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The EXOGEN Device is the only FDA-approved ultrasonic bone growth stimulator device on the market that has demonstrated the ability to accelerate fracture healing in both cortical and cancellous bone.1,2

Interested in learning more about EXOGEN Ultrasound Bone Healing System? Download our patient resource guide.

What is bone stimulation?

Fractured bones go through a natural healing process that includes the growth of both bone mass and density. Through extensive research,1-4 Bioventus has demonstrated that one of the most effective ways to encourage regenerative bone growth is through bone stimulation. The Bioventus Ultrasound Bone Healing System delivers bone stimulation through the use of ultrasonic waves.

How does the EXOGEN Ultrasound Bone Healing System help to stimulate bone growth?

The healing process of a fractured bone includes several stages, beginning with inflammation after the injury and ending with remodeling that produces a strong healed bone. Sometimes this biological process is delayed due to many factors and the bone does not heal properly or completely. EXOGEN's ultrasonic bone growth stimulator device treats the bone at the fracture site by stimulating the growth process and by increasing the production of important growth cells.5-9

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  1. Heckman JD, Ryaby JP, McCabe J, Frey JJ, Kilcoyne RF. Acceleration of tibial fracture-healing by non-invasive low-intensity pulsed ultrasound. J Bone Joint Surg Am. 1994;76(1):26-34.
  2. Kristiansen TK, Ryaby JP, McCabe J, Frey JJ, Roe LR. Accelerated healing of distal radial fractures with the use of specific, low-intensity ultrasound. J Bone Joint Surg Am. 1997;79(7):961-973.
  3. Schofer M, Schmelz A, Schultz M. Comparative effectiveness of pulsed ultrasound vs. sham treatment of tibia fracture in patients with delayed and nonunion; a double-blind, multi-center randomized controlled trial. Paper presented at: American Academy of Orthopaedic Surgeons Annual Meeting; March 2010; New Orleans.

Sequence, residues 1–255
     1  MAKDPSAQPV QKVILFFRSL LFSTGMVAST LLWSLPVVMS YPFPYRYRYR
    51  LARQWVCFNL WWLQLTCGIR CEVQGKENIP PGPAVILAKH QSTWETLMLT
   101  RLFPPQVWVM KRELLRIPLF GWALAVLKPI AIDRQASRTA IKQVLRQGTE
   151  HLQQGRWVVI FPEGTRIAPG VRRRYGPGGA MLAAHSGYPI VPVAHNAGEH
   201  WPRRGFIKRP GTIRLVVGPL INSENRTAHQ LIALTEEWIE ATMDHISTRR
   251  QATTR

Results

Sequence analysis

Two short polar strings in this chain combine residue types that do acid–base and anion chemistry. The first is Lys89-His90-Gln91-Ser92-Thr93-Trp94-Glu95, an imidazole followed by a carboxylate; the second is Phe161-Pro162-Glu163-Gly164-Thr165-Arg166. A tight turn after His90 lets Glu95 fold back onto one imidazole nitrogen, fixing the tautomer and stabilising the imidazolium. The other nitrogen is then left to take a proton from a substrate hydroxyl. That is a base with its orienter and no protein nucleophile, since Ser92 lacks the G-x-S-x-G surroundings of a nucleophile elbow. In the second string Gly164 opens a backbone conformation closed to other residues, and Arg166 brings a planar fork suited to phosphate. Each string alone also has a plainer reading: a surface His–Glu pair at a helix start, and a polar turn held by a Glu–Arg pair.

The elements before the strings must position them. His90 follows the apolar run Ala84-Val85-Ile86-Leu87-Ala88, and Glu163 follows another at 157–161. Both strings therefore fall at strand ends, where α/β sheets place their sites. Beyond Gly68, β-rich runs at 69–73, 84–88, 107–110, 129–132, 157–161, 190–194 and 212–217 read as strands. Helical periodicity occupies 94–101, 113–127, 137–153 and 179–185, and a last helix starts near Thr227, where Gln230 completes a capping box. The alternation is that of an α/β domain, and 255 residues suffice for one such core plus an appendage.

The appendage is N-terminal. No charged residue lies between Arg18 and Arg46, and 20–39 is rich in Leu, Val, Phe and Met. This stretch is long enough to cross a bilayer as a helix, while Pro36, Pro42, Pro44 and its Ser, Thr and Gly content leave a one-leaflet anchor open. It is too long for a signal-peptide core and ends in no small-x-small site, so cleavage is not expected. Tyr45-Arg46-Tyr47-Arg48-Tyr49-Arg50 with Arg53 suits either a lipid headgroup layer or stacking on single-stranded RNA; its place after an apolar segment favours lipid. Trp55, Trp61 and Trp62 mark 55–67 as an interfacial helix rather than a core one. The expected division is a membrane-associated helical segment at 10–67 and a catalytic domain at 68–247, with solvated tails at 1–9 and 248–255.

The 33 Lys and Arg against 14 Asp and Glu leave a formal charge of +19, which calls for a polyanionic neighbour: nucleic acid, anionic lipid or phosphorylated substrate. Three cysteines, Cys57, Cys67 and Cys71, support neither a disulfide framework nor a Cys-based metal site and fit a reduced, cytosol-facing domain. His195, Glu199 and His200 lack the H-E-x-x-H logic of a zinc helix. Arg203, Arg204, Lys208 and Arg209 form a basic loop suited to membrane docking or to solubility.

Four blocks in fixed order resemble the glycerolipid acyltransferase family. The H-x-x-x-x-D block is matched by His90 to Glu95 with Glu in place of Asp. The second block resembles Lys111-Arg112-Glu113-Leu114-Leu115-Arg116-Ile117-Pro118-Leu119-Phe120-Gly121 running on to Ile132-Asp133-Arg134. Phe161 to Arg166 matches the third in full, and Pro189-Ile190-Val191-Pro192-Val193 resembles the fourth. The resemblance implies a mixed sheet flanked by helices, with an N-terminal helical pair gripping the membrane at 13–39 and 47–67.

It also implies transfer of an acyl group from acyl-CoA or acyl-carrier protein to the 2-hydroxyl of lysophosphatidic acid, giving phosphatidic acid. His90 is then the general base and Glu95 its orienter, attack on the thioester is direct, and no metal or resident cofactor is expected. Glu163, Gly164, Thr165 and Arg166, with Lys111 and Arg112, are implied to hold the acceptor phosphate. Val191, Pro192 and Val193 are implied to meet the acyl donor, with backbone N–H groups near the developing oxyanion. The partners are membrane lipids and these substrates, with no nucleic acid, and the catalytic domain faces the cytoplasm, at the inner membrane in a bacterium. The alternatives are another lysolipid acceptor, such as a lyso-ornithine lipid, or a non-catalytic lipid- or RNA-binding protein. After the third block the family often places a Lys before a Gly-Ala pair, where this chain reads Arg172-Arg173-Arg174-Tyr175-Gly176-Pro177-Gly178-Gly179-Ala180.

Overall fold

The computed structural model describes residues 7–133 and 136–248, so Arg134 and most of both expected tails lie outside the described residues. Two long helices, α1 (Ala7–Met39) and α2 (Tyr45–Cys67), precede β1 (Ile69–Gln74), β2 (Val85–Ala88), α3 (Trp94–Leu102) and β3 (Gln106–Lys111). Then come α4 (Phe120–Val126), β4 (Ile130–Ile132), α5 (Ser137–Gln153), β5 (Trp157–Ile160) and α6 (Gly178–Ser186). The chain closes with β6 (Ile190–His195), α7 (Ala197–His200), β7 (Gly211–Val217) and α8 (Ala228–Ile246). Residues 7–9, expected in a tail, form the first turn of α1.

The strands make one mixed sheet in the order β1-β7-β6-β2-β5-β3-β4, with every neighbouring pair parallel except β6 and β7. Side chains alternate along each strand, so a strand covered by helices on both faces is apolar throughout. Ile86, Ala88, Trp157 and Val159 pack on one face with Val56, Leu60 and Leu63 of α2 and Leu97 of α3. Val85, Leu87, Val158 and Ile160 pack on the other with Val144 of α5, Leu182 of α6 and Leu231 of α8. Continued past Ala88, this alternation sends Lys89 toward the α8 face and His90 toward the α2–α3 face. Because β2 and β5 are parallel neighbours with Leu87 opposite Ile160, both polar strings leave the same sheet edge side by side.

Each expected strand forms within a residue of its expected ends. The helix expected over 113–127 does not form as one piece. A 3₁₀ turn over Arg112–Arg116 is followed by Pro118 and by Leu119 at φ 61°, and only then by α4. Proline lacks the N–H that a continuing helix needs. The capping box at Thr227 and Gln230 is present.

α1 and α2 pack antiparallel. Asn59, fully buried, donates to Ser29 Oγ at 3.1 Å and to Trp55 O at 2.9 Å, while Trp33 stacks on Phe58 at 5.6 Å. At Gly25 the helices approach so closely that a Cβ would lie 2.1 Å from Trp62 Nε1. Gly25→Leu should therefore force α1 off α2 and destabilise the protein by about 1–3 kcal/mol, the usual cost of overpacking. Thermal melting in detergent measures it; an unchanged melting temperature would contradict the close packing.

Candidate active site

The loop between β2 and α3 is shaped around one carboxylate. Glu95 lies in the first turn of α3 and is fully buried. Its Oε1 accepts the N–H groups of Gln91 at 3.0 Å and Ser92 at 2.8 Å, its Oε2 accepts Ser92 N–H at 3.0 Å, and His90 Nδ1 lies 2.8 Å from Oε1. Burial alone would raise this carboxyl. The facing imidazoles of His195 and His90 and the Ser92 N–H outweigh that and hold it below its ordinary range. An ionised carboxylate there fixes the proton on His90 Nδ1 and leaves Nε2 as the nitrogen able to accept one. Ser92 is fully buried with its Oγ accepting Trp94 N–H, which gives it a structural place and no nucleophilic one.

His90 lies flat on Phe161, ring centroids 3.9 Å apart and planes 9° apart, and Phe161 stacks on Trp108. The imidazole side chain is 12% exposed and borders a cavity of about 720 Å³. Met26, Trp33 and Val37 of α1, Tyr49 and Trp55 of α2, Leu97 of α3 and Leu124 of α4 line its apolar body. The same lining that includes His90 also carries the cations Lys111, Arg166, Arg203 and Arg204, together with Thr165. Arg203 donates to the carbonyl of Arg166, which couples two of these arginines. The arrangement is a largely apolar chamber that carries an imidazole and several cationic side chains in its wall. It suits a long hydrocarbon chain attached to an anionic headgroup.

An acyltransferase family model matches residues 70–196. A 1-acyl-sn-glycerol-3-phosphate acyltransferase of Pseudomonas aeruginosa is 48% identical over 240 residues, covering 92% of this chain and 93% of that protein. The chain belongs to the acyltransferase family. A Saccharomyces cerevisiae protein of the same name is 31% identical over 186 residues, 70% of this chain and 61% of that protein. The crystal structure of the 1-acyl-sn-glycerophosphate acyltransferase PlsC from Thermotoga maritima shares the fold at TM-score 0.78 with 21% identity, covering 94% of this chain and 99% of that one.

4. Nolte PA, van der Krans A, Patka P, Janssen IM, Ryaby JP, Albers GH. Low-intensity pulsed ultrasound in the treatment of nonunions. J Trauma. 2001;51(4):693-703.
  5. Pounder NM, Harrison AJ. Low intensity pulsed ultrasound for fracture healing: a review of the clinical evidence and the associated biological mechanism of action. Ultrasonics. 2008;48(4):330-338.
  6. Sant’Anna EF, Leven RM, Virdi AS, Sumner DR. Effect of low intensity pulsed ultrasound and BMP-2 on rat bone marrow stromal cell gene expression. J Orthop Res. 2005;23(3):646-652.
  7. Naruse K, Miyauchi A, Itoman M, Mikuni-Takagaki Y. Distinct anabolic response of osteoblast to low-intensity pulsed ultrasound. J Bone Miner Res. 2003;18(2):360-369.
  8. Chen YJ, Wang CJ, Yang KD, et al. Pertussis toxin-sensitive Galphai protein and ERK-dependent pathways mediate ultrasound promotion of osteogenic transcription in human osteoblasts. FEBS Lett. 2003;554(1-2):154-158.
  9. Wang FS, Kuo YR, Wang CJ, et al. Nitric oxide mediates ultrasound- induced hypoxia-inducible factor-1 alpha activation and vascular endothelial growth factor-A expression in human osteoblasts. Bone. 2004;35:114-123